If I were running things, I would make that group, the group of judge-namers, all comics critics or journalists. And I mean the good ones, not just somebody who writes reviews for Newsarama or something. You accomplish two things by limiting this group to critics: a) you’re dealing with people who are VERY dialed into what’s going on in comics, both on critical and popular levels. People who care about comics but don’t have a direct stake in things often; people who can intelligently choose judges that are representative of the best of comics.
Here’s who I would choose, if I were starting these awards tomorrow:
–Christopher Butcher, Festival Director of TCAF, blogger, retailer
–Deb Aoki, manga critic at About.com, cartoonist
–Brigid Alverson, journalist, Robot6 and others
–Tom Spurgeon, journalist, comicsreporter.com
–David Brothers, blogger, 4thletter.net, comicsalliance.com
Those are five people who between them know just about everything in comics. They’re all near the top of things in terms of respect and quality from their peers and the creative community, and have the kind of individual (and in this case, collective) cachet that I think their decisions on judges would command grudging respect from most people, even if they had strong disagreements.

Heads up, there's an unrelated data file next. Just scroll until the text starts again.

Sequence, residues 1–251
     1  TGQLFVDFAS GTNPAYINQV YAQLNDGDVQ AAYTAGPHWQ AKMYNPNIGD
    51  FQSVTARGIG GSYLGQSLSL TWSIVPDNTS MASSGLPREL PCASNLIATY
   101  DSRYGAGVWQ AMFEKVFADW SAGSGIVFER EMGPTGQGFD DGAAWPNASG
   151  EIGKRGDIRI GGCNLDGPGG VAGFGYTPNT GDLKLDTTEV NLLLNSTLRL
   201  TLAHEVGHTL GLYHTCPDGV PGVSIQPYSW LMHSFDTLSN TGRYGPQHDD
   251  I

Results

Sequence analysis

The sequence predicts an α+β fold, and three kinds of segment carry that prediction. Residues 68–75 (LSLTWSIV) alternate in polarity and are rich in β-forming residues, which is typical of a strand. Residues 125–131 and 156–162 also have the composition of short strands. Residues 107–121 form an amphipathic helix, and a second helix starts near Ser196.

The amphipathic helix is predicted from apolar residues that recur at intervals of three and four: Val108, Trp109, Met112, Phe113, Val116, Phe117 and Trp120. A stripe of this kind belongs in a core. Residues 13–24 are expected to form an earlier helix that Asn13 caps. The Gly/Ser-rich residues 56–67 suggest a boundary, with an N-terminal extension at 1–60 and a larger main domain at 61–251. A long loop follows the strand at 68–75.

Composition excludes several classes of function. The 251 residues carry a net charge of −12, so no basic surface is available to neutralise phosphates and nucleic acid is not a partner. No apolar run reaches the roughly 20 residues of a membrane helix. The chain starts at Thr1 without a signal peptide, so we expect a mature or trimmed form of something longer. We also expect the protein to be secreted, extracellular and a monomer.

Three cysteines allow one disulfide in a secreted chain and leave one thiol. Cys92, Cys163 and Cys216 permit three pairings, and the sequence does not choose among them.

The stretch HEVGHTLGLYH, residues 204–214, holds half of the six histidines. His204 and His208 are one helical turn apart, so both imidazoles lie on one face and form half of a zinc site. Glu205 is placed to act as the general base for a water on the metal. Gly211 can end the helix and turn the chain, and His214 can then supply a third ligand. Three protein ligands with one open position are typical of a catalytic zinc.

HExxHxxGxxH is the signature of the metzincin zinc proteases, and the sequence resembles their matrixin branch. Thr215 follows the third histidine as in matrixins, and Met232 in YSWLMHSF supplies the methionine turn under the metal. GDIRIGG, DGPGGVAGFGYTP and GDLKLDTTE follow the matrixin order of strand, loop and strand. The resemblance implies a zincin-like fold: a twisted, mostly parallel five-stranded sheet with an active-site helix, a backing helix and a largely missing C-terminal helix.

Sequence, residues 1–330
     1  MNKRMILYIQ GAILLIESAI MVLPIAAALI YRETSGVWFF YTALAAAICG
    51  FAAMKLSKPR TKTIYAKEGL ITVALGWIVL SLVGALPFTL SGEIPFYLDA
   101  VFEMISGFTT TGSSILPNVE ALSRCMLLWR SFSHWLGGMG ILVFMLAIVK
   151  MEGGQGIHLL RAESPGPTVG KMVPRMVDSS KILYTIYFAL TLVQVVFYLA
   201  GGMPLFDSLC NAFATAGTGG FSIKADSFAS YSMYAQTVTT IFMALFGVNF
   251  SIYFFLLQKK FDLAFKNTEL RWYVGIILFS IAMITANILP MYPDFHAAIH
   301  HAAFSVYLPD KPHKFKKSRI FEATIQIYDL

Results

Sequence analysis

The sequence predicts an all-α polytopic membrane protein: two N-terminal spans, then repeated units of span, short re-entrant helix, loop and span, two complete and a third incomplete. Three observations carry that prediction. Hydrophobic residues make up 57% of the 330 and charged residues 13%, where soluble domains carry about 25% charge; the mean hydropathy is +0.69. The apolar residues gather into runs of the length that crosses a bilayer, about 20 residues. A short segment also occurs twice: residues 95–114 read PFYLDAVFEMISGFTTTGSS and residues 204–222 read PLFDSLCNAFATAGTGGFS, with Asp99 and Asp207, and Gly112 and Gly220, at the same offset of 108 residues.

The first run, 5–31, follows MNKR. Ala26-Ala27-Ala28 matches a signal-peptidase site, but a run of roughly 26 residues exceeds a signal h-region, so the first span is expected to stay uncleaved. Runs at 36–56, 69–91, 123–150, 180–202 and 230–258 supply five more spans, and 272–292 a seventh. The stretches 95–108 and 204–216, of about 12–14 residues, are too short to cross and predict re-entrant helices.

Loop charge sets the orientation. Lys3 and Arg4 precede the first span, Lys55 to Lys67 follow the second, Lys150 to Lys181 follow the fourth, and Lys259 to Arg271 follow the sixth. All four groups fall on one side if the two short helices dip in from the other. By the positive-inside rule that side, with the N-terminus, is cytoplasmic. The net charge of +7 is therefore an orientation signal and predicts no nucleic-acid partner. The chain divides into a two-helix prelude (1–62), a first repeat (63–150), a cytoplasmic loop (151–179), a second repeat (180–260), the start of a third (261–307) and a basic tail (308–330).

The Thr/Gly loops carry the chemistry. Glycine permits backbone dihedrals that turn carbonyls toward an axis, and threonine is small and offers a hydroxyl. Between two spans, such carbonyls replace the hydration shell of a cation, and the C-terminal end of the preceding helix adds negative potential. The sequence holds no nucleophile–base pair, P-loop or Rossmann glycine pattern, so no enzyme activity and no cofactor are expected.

Also, may I point out how easy it was to build a list of 5 smart, capable, influential comics writers that diverse in terms of ethnicity, gender, nationality, and sexuality? It happened practically by accident. I only bring it up because I PASSIONATELY believe diversity in this kind of thing is of paramount importance. When you talk about what the people are doing, make sure you look like the people. And not just the people you are, the people you want. If you want more women reading comics, hire more women to make comics, talk about comics, etc. It’s not brain surgery!
Okay, Second: now that you’ve picked your semi-permanent judge-picking body, have them pick judges. Don’t tell anyone at the time of course–you don’t want people canvassing your judges. But when they’re announced, along with the winners, it should be an honor to have been selected as a judge. It should be a coveted position–the past judges should value their status as much as past winners. That’s just what I think.